List of the variable included in the propensity score/outcome model. Serum Albumin, Alkaline phosphatase, Alkaline transaminase, Aspartate transaminase, Basophils/Leukocytes, Biliburin, Blood Urea Nitrogen, Calcium, Cholesterol, Creatine Kinase, Chloride, Serum Creatinine, Eosinophils, Glomerular Filtration Rate Corrected, Gamma-Glutamyl Transferase, Blood sugar level, Plasma Glucose, Hemoglobin A1C, HDL Cholesterol, Hemoglobin, Potassium, LDL, Lymphocytes, Lymphocytes/Leukocytes, Magnesium, Neutrophil, Phosphate, Platelets, Protein, Sodium, Triglycerides, Diastolic Blood Pressure, Systolic Blood pressure, Pulse Rate, Weight, Age, Sex, Race Black or African American, Race other, Race white, Zone asia pacific, Zone central South America, Zone north America, Tabacco use, Concomitant medication diabetes, Previous concomitant medication anti-hyperglycemic, previous concomitant therapy (Table 4).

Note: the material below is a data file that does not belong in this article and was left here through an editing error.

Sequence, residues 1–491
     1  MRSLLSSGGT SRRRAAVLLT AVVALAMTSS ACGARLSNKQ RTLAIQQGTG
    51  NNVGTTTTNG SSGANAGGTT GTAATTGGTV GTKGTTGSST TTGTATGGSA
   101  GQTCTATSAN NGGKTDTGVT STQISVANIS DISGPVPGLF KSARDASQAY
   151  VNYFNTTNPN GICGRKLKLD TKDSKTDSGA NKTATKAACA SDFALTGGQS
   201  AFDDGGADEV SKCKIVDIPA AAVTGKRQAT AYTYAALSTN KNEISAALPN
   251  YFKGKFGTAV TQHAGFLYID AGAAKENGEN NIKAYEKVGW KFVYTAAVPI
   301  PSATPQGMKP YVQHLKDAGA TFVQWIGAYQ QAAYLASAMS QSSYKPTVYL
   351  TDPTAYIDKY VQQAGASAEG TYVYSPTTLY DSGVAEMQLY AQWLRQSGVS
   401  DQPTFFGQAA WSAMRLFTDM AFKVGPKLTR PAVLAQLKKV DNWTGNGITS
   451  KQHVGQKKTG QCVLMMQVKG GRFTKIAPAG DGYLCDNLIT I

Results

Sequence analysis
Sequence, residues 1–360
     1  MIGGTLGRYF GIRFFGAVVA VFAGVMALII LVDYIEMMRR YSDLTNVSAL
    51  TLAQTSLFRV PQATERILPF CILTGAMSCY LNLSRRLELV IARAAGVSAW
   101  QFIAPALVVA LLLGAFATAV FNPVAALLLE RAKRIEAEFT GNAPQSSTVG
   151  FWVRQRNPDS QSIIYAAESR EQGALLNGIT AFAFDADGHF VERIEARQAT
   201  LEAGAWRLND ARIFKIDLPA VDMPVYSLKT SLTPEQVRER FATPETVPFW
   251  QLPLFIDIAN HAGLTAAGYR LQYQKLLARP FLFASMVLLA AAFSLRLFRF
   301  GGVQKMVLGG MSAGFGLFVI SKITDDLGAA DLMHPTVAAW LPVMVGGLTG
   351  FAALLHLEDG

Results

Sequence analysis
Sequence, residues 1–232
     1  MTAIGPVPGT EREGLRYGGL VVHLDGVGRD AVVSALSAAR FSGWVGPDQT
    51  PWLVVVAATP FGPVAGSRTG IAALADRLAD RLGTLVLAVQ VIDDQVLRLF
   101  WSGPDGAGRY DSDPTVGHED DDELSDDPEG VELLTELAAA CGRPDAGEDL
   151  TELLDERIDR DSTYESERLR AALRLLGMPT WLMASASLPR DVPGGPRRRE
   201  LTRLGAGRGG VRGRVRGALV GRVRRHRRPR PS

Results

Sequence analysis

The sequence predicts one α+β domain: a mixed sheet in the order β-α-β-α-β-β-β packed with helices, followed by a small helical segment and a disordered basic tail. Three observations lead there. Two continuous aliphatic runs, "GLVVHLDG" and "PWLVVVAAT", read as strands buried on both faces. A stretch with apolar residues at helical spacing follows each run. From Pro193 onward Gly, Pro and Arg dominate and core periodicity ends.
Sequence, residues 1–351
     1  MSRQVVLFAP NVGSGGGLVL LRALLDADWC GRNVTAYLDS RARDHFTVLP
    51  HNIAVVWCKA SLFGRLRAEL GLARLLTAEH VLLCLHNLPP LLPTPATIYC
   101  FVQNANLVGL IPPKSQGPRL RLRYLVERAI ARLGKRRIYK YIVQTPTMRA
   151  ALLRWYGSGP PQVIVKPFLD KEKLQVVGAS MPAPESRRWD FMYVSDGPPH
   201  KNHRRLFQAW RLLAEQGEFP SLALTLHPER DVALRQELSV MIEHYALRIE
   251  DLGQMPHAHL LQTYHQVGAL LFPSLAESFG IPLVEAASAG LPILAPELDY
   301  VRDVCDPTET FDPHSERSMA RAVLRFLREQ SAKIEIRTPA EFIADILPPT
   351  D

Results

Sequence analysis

Table 4 Distribution of main variables used in the replication analysis

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Loiseau, N., Trichelair, P., He, M. et al. External control arm analysis: an evaluation of propensity score approaches, G-computation, and doubly debiased machine learning. BMC Med Res Methodol 22, 335 (2022). https://doi.org/10.1186/s12874-022-01799-z

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Keywords

  • Observational study
  • Average treatment effect
  • Propensity score
  • Confounding variables
  • Replication study
  • Counterfactual
  • Doubly robust